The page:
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About butlermom

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  • Birthday 12/30/1951

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  1. Our Reference Lab has informed us that a patient's sample we sent to them has anti-Dib (Diego b), anti-Fya, and anti-Jka! The patient is pregnant and due the end of July. All 3 antibodies are capable of causing HDFN, although usually mild from what I have read. My concern is if we have to transfuse the mother. The prospect of getting blood is problematic. Most likely the units would be frozen and our local supplier would have them shipped in already thawed and deglycerolized, plus the time of flying them here is a challenge with flight schedules to our area. From my reading the Diego antibodies are more commonly associated with HDFN than transfusion reactions, and anti-Dib typically causes mild HDFN. Therefore, my strategy is to have units that are at least antigen negative for Fya and Jka for the mom in case we cannot obtain units that are negative for all 3 antigens. If we can get units that are antigen negative for all 3 that's great, but the patient is not a scheduled C-section so the timing will be next to impossible. Any thoughts or ideas for a different strategy? Thanks for any input!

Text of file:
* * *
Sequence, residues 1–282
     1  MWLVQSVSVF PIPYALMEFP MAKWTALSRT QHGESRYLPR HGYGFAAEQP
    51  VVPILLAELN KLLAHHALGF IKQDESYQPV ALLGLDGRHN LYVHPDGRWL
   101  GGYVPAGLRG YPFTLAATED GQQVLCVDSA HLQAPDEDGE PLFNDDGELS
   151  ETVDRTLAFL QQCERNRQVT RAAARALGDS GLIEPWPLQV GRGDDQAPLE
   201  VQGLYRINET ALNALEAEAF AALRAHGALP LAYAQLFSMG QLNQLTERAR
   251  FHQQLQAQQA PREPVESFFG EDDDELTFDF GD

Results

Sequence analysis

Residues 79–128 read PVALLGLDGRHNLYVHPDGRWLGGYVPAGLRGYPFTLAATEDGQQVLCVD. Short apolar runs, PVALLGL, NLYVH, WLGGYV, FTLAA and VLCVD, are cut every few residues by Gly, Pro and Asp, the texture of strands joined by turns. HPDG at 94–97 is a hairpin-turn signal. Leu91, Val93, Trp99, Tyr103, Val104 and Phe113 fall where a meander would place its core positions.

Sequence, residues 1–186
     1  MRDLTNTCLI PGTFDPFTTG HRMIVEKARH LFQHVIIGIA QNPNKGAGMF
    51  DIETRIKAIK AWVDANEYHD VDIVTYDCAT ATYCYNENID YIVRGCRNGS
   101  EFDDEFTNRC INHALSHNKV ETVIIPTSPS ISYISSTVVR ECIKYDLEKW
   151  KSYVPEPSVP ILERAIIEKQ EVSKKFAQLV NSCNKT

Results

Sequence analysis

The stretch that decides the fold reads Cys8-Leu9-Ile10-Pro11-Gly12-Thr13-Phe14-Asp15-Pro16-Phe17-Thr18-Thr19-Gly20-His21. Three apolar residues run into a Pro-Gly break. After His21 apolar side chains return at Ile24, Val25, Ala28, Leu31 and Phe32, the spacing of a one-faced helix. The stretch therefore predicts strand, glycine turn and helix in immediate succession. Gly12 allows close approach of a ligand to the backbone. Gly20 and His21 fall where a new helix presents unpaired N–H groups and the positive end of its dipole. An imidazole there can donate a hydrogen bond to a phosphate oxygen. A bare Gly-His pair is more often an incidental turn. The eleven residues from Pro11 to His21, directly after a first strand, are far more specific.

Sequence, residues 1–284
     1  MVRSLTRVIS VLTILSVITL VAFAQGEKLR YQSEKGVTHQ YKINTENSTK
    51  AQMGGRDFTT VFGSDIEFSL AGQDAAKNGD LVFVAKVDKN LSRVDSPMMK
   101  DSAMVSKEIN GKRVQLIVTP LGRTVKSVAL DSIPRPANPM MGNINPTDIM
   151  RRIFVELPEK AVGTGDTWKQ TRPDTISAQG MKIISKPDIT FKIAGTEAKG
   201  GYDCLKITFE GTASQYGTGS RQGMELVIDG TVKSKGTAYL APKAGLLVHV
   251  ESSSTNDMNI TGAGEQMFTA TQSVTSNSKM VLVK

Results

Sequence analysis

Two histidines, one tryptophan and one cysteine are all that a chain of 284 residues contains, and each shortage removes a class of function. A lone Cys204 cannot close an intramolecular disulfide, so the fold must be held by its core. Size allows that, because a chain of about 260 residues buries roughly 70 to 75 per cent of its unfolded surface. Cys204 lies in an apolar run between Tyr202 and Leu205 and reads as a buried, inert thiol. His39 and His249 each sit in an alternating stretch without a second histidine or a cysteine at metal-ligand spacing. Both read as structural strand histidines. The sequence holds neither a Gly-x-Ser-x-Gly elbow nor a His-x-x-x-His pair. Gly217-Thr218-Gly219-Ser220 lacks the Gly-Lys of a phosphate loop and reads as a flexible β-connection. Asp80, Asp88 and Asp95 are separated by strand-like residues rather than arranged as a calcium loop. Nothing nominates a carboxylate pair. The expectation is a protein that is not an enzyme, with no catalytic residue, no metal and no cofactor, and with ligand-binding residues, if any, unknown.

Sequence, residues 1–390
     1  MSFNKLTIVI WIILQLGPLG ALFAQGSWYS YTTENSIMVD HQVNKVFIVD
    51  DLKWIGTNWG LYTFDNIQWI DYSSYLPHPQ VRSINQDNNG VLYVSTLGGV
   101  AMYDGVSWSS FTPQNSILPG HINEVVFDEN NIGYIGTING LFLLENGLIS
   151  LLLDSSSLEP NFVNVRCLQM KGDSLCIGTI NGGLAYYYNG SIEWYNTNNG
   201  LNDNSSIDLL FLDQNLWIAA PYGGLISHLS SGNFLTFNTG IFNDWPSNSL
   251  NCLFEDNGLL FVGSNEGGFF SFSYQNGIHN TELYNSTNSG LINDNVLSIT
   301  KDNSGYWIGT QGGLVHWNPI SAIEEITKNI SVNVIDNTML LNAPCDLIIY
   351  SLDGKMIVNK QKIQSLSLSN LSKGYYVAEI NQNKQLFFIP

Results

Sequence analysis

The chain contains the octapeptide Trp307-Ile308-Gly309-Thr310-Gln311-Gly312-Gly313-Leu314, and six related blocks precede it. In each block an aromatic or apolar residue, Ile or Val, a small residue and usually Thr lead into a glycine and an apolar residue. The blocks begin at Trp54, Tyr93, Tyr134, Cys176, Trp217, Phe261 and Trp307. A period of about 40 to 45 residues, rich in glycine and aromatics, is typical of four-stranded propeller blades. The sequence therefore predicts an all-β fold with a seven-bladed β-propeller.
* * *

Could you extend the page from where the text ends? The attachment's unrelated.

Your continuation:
2. butlermom

    Heat Blocks

    Does anyone know a vendor that sells a heat block that will reach a temperature of 120C? Our pathology department is looking for one. Thanks.
  3. Does anyone know if there is another company in the U.S. that distributes the plasma thawing devices, i.e. microwave? We have been wanting to order two more (we currently have one), but there is an FDA hold up on it right now for the device that comes from Canada. It has something to do with paperwork, nothing to do with the device itself!
  4. My hospital blood bank has only been in existence for approximately 11 and a half years. I have been the only supervisor for 11 of those years. During this time we have grown so much so fast, that it has been all I could do to keep up and stay ahead of inventory, procedures, staff training, competencies, teaching students, all while moving 3 times, designing and implementing the blood bank section of our LIS, bringing in and validating two generations of automation (8 years apart), and working the bench when needed. We are a CAP accredited laboratory and it has always been my desire for my blood bank to eventually become AABB accredited. Other than the prestige that it would bring, how might I justify the cost to my administration of the benefits of becoming AABB accredited? Even though we have the latest and greatest tools in our lab, I need to be able to explain why spending $$$ dollars on a voluntary program is a good thing. Thanks in advance to those of you who are AABB accredited and can advise me! Kathryn